ื’ืžืณ ื‘ืฉืœืžื ืจื‘ื™ ืขืงื™ื‘ื ืกื‘ืจ ืื™ืŸ ื–ื™ืงื” ื•ืจื‘ื™ ื™ื”ื•ืฉืข ืกื‘ืจ ื™ืฉ ื–ื™ืงื” ืืœื ืจื‘ื™ ืืœื™ืขื–ืจ ืžืื™ ื˜ืขืžื™ื” ืื™ ื™ืฉ ื–ื™ืงื” ืื™ืŸ ื‘ืจื™ืจื”

GEMARA: The latter two opinions in the mishna make sense: Rabbi Akiva holds that the levirate bond is not substantial. Since the obligation of levirate marriage does not create a marriage-like bond between the yavam and the yevama, a yavam cannot nullify the vows of the yevama. And Rabbi Yehoshua holds that the levirate bond is substantial, so that if there is only one yavam, the yevama is considered his wife, allowing him to nullify her vows. However, with regard to Rabbi Eliezer, what is his reason? Even if he holds that the levirate bond is substantial, there is, nevertheless, no retroactive designation. Since it has not yet been established which of them will be her husband, how can either of them nullify her vows?

ืืžืจ ืจื‘ื™ ืืžื™ ื›ื’ื•ืŸ ืฉืขืฉื” ื‘ื” ืžืืžืจ ื•ืจื‘ื™ ืืœื™ืขื–ืจ ืกื‘ืจ ืœื” ื›ื‘ื™ืช ืฉืžืื™ ื“ืืžืจื™ ืžืืžืจ ืงื•ื ื” ืงื ื™ืŸ ื’ืžื•ืจ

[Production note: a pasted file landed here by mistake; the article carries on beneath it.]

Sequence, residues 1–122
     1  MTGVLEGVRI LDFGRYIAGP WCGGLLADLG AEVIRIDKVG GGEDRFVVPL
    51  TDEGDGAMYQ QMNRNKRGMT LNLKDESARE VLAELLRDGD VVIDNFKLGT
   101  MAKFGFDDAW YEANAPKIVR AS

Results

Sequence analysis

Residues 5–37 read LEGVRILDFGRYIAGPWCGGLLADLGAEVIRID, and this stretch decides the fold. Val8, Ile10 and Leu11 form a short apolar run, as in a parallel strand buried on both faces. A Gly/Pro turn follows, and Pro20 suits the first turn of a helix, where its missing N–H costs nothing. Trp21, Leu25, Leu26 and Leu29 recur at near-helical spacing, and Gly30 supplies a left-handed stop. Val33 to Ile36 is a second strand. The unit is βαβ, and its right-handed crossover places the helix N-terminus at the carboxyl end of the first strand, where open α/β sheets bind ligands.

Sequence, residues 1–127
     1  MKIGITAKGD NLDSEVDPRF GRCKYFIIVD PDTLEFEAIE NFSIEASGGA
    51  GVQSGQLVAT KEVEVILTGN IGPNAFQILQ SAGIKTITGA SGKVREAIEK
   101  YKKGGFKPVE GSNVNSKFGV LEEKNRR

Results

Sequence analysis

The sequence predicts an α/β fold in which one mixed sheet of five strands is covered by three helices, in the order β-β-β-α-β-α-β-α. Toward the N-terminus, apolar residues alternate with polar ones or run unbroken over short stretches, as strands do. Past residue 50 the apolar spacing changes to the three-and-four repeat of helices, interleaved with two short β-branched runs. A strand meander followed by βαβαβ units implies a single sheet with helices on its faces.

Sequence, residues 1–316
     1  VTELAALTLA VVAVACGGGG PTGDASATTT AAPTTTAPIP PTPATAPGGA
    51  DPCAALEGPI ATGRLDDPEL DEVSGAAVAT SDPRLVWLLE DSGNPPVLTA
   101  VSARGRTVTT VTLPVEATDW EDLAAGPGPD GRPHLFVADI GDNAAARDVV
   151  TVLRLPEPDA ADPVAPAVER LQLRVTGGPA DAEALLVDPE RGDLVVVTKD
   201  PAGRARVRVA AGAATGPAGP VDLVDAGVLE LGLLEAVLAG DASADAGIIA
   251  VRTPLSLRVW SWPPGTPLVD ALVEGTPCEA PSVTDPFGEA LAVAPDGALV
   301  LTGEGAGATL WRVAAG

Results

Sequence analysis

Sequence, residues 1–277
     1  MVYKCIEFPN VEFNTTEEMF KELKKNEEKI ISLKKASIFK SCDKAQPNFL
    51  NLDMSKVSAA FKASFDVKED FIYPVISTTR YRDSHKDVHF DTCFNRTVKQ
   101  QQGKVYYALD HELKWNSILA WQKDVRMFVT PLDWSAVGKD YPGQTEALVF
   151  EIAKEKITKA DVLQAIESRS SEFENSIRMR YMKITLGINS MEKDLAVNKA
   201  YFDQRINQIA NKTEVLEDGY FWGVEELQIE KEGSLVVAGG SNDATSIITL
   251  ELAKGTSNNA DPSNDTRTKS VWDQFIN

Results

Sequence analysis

Rav Ami said: It is a case where one yavam has already performed levirate betrothal with her. According to Beit Hillel, levirate betrothal does not have the full force of a regular betrothal, but Rabbi Eliezer holds like Beit Shammai, who say: Levirate betrothal effects a full-fledged acquisition just like a regular betrothal.

ื•ืจื‘ื™ ื™ื”ื•ืฉืข ืื•ืžืจ ืœืš ื”ื ื™ ืžื™ืœื™ ื‘ื—ื“ ื™ื‘ื ืื‘ืœ ื‘ืฉื ื™ ื™ื‘ืžื™ืŸ ืœื ืžื™ ืื™ื›ื ืžื™ื“ื™ ื“ื›ื™ ืืชื™ ืื—ื•ื”ื™ ืืกืจ ืขืœื™ื” ื‘ื‘ื™ืื” ืื• ื‘ื’ื™ื˜ื ื•ืžืคืจ ื•ืจื‘ื™ ืขืงื™ื‘ื ืกื‘ืจ ืื™ืŸ ื–ื™ืงื”

But Rabbi Yehoshua would say to you, Rabbi Eliezer, in response: That statement, that levirate betrothal effects a full-fledged acquisition, applies only to a case with one yavam, but with two yevamin it is not so. The Gemara explains why it cannot be a full-fledged acquisition where there is more than one yavam: Is there anything like this sort of betrothal that when his brother comes, he can render the betrothed woman forbidden to the one who performed levirate betrothal by engaging in sexual intercourse with the yevama, thereby performing levirate marriage, or by giving her a bill of divorce, thereby disqualifying her from levirate marriage, and nevertheless the betrothed can still nullify her vows? Since this betrothal can in essence be nullified, it cannot be viewed as betrothal with regard to nullification of vows. Rabbi Ami completes his analysis: And Rabbi Akiva holds that the levirate bond is not substantial at all, and there is no marital bond between a yevama and her yavam until the levirate marriage is consummated.